If dysbiosis is a driver of liver disease, then reversing it may be one solution. As many studies have revealed, probiotics may restore normal gut flora. In doing so, gut walls are reinforced. A range of studies denotes that mucosal barrier function can be improved by probiotic treatment. But obviously not all probiotic species nor strains have the same impact on gut microbes. Probiotics may benefit the gut- liver axis not only though barrier function but also by impact on inflammation and metabolism.
Animals: Multiple experimental trials in animals have shown therapeutic effects of probiotics in NAFLD. Results varied, but improvement in liver enzymes, hepatic inflammation, hepatic steatosis, and hepatic fibrosis were seen.
Humans: Now scientists are testing whether probiotics may be beneficial in humans with NAFLD. An excellent 2019 review indicated that probiotics may indeed act in this capacity. The Therapeutic Implications of the Gut Microbiome and Probiotics in Patients with NAFLD appeared in Diseases. The authors include trials along with specific probiotic strains in helpful charts. The available studies clearly show that probiotics have a positive effect on the various measures of NAFLD in patients. Numerous clinical studies (see chart) that assessed serum levels of common liver function tests (aspartate aminotransferase and alanine aminotransferase) demonstrated significant improvement with probiotic and synbiotic treatment. Numerous studies using probiotics showed good results when measuring other markers including steatosis and fibrosis. Role of Probiotics in the Treatment of Nonalcoholic Fatty Liver Disease: A Meta-analysis showed that a variety of parameters had significant improvement after probiotic treatment in different trials. However use of varying strains, dose patterns, and treatment duration clouded hopes for clinical protocols going forward. Importantly, no major adverse effects or safety issues were noted.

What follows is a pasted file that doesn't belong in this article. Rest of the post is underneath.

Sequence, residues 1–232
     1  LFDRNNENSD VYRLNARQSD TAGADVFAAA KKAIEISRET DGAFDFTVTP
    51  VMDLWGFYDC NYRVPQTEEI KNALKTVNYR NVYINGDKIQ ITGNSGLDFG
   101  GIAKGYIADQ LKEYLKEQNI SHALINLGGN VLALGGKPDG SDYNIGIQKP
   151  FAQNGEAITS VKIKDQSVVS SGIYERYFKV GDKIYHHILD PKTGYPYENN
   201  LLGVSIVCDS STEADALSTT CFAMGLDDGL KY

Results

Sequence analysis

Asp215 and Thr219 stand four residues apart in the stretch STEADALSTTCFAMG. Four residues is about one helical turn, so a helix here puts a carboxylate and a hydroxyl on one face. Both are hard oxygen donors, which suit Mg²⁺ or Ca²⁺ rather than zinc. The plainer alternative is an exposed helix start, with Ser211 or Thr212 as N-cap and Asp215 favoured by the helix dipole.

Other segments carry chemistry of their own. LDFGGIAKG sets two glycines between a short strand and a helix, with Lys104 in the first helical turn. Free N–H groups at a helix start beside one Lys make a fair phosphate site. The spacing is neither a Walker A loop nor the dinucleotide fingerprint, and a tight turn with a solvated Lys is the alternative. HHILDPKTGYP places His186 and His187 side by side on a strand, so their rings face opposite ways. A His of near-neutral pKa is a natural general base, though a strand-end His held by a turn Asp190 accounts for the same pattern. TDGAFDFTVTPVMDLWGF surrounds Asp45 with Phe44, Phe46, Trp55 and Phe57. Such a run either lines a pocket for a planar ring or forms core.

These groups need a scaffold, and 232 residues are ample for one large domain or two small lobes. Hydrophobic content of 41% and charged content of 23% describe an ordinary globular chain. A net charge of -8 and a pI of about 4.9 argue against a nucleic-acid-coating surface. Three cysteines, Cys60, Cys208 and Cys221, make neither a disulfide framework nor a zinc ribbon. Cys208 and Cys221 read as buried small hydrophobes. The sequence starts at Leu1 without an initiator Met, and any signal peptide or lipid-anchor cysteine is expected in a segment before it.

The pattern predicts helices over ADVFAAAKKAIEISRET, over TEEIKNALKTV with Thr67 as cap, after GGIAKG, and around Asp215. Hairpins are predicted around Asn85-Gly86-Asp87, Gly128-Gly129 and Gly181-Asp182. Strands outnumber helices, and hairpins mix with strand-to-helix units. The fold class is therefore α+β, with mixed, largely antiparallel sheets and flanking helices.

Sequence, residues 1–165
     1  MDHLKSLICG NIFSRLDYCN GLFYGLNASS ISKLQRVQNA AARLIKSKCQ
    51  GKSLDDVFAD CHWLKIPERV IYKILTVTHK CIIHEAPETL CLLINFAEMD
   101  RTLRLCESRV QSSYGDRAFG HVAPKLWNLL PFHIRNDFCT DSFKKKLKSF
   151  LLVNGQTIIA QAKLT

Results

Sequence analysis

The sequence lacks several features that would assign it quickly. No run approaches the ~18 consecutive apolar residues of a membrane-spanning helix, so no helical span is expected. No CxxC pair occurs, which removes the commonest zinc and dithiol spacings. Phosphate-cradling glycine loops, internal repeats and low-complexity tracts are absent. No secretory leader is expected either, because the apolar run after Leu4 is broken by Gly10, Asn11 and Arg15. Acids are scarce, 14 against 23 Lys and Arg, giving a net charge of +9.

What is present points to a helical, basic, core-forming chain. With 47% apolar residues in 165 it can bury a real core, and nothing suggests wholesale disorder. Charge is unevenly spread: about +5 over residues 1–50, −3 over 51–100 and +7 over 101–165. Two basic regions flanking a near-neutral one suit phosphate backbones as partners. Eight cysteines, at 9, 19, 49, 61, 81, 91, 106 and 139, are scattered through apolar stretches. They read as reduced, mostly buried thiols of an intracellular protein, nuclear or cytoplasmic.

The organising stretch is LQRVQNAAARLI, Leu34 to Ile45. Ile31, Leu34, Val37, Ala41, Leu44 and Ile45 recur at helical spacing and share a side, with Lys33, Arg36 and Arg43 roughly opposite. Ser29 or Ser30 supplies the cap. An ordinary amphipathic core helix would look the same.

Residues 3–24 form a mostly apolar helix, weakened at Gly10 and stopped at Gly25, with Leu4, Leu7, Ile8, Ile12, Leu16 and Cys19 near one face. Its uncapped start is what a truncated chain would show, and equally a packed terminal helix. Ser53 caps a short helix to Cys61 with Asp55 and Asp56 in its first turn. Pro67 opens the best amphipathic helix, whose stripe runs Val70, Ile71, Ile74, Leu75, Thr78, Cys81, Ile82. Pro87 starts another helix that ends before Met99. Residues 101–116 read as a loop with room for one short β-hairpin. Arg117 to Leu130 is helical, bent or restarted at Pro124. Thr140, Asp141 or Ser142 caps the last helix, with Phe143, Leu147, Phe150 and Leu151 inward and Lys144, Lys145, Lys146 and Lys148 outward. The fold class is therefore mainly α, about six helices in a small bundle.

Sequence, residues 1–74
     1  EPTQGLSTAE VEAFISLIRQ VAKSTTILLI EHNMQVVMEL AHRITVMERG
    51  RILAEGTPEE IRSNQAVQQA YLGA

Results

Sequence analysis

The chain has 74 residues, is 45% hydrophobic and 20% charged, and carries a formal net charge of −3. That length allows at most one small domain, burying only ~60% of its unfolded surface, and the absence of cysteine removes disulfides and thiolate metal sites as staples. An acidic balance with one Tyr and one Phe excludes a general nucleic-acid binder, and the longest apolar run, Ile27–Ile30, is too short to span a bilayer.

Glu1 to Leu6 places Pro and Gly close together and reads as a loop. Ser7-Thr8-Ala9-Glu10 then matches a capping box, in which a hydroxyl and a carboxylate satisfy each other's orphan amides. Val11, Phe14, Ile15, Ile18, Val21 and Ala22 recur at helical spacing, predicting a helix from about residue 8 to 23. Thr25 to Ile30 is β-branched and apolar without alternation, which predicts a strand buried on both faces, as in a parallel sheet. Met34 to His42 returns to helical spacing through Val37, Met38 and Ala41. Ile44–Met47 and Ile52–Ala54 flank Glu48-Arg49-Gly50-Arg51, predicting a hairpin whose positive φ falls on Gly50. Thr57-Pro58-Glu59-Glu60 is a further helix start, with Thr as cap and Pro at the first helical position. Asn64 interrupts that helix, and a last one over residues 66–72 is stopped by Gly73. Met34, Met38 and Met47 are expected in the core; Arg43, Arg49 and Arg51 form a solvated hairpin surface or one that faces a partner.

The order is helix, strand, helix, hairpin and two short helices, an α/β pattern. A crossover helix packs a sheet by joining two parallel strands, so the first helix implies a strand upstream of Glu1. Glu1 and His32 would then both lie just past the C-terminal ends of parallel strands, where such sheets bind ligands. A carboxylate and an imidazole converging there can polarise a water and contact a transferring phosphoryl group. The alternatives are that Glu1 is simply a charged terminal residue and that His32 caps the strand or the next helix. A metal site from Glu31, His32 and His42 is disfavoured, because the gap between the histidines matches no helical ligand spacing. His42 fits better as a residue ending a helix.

Future of probiotic therapy
Our knowledge about the clinical significance of probiotics’ use in liver disease is starting to take shape. However, questions remain. Which probiotic and which strain will meet the targets? Another confounder is that many of the studies included prebiotics which can act independently on liver disease.
Collectively, these clinical studies reinforced by prior animal research suggest a role for probiotics in a public health problem that is only getting bigger.
Note: The views and opinions expressed here are those of the author(s) and contributor(s) and do not necessarily reflect those of the publisher and editors of WholeFoods Magazine.
Clare Fleishman MS RD bridges the gap between science and health across most platforms: major newspapers, magazines, books (Globesity), workshops, social media and websites. From corporate whiteboards to refugee schools in Egypt, Fleishman agitates for personal and public change. In 2010, she launched www.ProbioticsNow.com to share the cascade of new discovery in the microbiome. Always amazed at this “forgotten organ” Fleishman also creates white papers, blogs, videos and social media for the International Probiotics Association.